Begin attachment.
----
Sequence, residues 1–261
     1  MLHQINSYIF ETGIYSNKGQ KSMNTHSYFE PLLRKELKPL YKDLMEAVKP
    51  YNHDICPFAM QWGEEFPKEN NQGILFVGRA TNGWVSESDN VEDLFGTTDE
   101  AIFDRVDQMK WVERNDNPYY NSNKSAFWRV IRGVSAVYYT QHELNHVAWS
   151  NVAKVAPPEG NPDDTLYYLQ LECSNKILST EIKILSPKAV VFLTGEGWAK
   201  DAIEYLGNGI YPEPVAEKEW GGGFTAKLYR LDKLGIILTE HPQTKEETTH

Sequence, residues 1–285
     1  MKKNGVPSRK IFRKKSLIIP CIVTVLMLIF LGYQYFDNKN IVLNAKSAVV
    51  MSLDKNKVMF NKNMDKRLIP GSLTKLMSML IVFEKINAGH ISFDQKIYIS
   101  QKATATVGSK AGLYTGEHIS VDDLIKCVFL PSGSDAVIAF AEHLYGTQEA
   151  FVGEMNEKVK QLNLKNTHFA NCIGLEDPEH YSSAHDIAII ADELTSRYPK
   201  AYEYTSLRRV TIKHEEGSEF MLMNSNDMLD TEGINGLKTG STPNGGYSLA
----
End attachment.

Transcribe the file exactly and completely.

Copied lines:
Sequence, residues 1–261
     1  MLHQINSYIF ETGIYSNKGQ KSMNTHSYFE PLLRKELKPL YKDLMEAVKP
    51  YNHDICPFAM QWGEEFPKEN NQGILFVGRA TNGWVSESDN VEDLFGTTDE
   101  AIFDRVDQMK WVERNDNPYY NSNKSAFWRV IRGVSAVYYT QHELNHVAWS
   151  NVAKVAPPEG NPDDTLYYLQ LECSNKILST EIKILSPKAV VFLTGEGWAK
   201  DAIEYLGNGI YPEPVAEKEW GGGFTAKLYR LDKLGIILTE HPQTKEETTH

Sequence, residues 1–285
     1  MKKNGVPSRK IFRKKSLIIP CIVTVLMLIF LGYQYFDNKN IVLNAKSAVV
    51  MSLDKNKVMF NKNMDKRLIP GSLTKLMSML IVFEKINAGH ISFDQKIYIS
   101  QKATATVGSK AGLYTGEHIS VDDLIKCVFL PSGSDAVIAF AEHLYGTQEA
   151  FVGEMNEKVK QLNLKNTHFA NCIGLEDPEH YSSAHDIAII ADELTSRYPK
   201  AYEYTSLRRV TIKHEEGSEF MLMNSNDMLD TEGINGLKTG STPNGGYSLA